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Patriotism – Supererogatory Virtue, Or Unjustifiable Prejudice

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By Anirudh Nimmagadda:

All of us are, with very few exceptions, taught to love and respect our national heritage from a very young age. At barely five years of age, we are told of the significance of our Independence and Republic days. At six, we are taught to rise when the national anthem is played. At seven, we are taught the words of the anthem and those to the national pledge, and are made to repeat each of them at least once every day for the next several years. As we progress through school, we are related an increasingly detailed and increasingly biased (favorably so) version of our nation’s history, while concurrently being fed watered-down versions of those of others.

The above are but a few of the factors that plant within us the seeds of patriotism. We are, to put it bluntly, brainwashed while impressionable into believing that patriotism is good, that it is right, and that as citizens of the country we are under a moral obligation to support our own countrymen over those from a foreign land. Once inserted this belief remains ingrained in our psyche for a considerable amount of time, to the extent that even when mature we are markedly less comfortable with foreigners than we are with other Indians. Some of us go as far as to dismiss acquaintances who admit to cheering for a sports team that is not Indian as iconoclasts undeserving of our attention and company.

To many, all this talk may seem an attempt at raising a storm – in a teacup; it does not matter, to those of us who see patriotism as an unconditionally positive character trait, how it is instilled, or when. The purpose of the present article is to question that claim. Is patriotism a merit or a prejudice?

In the first comprehensive philosophical treatise on the subject, Stephen Nathan (1993) characterized patriotism as involving a special affection for, a sense of personal identification with, and a concern for the well-being of, one’s country, and also a willingness to sacrifice to promote the country’s good.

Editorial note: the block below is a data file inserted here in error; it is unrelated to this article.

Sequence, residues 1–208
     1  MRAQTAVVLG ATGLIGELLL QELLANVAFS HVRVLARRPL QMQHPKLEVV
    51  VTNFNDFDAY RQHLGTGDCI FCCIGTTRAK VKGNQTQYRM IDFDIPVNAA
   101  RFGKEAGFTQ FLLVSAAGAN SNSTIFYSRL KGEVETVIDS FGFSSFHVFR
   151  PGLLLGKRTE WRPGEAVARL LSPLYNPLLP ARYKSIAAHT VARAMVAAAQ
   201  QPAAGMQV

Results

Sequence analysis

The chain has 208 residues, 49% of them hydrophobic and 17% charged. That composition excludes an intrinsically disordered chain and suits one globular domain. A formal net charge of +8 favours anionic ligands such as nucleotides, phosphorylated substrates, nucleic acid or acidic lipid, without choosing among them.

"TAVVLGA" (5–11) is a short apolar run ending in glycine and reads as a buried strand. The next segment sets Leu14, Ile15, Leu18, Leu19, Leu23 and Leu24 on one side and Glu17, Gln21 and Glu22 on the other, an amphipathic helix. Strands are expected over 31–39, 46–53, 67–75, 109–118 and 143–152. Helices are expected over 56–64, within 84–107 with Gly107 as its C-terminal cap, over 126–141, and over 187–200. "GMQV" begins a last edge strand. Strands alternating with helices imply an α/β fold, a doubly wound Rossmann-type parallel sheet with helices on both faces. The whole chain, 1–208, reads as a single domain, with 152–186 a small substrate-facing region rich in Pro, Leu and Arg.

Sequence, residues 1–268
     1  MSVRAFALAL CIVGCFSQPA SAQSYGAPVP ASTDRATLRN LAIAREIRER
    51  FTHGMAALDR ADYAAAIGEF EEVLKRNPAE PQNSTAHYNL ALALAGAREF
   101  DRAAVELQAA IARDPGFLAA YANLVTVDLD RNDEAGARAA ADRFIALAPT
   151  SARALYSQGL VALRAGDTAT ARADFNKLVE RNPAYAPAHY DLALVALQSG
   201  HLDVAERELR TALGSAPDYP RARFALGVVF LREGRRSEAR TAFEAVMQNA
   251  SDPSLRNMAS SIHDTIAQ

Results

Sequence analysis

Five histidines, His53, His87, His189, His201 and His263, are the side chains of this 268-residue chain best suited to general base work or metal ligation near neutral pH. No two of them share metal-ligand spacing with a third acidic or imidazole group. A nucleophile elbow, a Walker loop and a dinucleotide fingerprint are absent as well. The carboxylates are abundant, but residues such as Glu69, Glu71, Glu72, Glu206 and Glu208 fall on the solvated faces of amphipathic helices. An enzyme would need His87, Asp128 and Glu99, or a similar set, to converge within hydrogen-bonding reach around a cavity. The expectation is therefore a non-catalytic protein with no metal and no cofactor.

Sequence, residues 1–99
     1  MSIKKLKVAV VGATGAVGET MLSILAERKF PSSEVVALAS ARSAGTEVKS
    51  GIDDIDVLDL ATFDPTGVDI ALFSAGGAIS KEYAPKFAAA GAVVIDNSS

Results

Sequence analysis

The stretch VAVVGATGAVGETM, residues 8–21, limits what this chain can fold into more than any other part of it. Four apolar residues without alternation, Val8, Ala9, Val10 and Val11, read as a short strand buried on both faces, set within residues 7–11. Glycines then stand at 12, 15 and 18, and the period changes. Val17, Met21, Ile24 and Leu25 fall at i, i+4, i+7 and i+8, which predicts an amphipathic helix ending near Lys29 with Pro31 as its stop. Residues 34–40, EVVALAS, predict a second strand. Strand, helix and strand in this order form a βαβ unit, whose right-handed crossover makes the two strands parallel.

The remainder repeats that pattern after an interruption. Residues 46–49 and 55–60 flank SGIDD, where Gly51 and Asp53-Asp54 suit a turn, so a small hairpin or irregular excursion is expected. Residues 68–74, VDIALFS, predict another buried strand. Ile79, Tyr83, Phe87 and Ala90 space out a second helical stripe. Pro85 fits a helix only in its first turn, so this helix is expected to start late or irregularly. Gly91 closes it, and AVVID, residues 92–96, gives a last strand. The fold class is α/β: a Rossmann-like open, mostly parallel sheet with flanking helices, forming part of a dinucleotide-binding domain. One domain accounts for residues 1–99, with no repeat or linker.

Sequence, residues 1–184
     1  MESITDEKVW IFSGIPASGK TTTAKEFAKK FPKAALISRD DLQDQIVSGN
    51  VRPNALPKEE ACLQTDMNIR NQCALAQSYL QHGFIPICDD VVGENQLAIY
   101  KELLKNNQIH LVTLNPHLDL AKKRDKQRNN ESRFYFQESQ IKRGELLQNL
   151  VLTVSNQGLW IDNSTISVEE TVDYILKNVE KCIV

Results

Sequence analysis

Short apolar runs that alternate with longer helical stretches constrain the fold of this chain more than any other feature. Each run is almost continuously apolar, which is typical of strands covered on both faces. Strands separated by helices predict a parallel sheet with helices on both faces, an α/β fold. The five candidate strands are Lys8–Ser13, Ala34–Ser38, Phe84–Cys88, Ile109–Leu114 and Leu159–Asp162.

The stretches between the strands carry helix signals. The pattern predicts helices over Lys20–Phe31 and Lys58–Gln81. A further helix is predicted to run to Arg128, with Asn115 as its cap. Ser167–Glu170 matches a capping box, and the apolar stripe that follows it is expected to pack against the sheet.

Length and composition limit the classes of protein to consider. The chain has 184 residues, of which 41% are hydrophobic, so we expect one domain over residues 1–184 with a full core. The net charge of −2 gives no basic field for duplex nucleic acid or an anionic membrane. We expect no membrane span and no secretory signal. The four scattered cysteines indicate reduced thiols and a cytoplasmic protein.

This is by no means the only definition around and indeed one can be patriotic to different degrees.

Extreme patriotism best summed up by the phrase “my country… right or wrong” advocates the casting away of moral considerations whenever major interests of the country are at stake. This amounts to a rejection of morality itself and it is a great pity that ‘extreme patriotism’ is not ‘extremely rare’: politicians play to this beat all the time, and not always unsuccessfully.

Another version of patriotism, championed as ‘robust patriotism’ by Alasdair MacIntyre concedes that the ‘larger interests’ of a country cannot be beyond questioning. However, he insists that one must work for the benefit of one’s nation even if the result of that work may be detrimental to humanity at large. Consequently, even robust patriotism rejects morality, or at least an important part of it: that which concerns universal justice and common human solidarity.

Both forms of patriotism discussed above are, in truth, little more than twisted versions of group egoism built around notions of a shared communal history. The only justification for such beliefs can be that one needs no other reason to love one’s country. JB Zimmerman retorts “the love for one’s country … is in many cases no more than the love of an ass for its stall” (Nathanson, 1993). There is merit in Zimmerman’s argument. Feeling an attachment to the land we are born in makes little sense, given we did not choose to be born there. Also, any feelings of gratitude one may have for one’s country (odd, since ‘country’ is an abstract concept) could well be misplaced. We are law-abiding and tax-paying citizens; aren’t we?

What then is the right thing to feel regarding our country of birth? Utter indifference? Is rejecting the emotional bonds tying us to our patria and embracing cosmopolitanism the just thing to do?

Nathanson proposes that we do not have to go that far, and that while global social concern is an important virtue in all humans there are occasions when it may be good to support one’s country over others. For instance, it is good for a citizen to enlist in the military when his country is at war, as long as the war is for a just cause. Additionally, Nathanson’s patriot is not uncritical of his country nor does he support it unconditionally. He will expect it to deserve that support and concern by living up to certain standards and when it fails to do so, he will withdraw that support.

While Nathanson’s patriotism seems agreeable, especially when compared to its alternatives, there is a flaw: it does not argue that patriotism is a moral duty or even a supererogation quality, merely that it is morally unobjectionable. In other words, patriotism has nothing going for it from a moral point of view and as such can be placed in the same basket as racism or petty regionalism.

Humans are naturally selective. We all have preferences for people we like to hang out with, places we want to hang out at, and groups we want to be part of, but that no matter how important these entities are to us our choices are, at best, of no moral import. They are morally permissible, when kept within limits, but indifferent in themselves. The same applies to patriotism (Primoratz, 2002).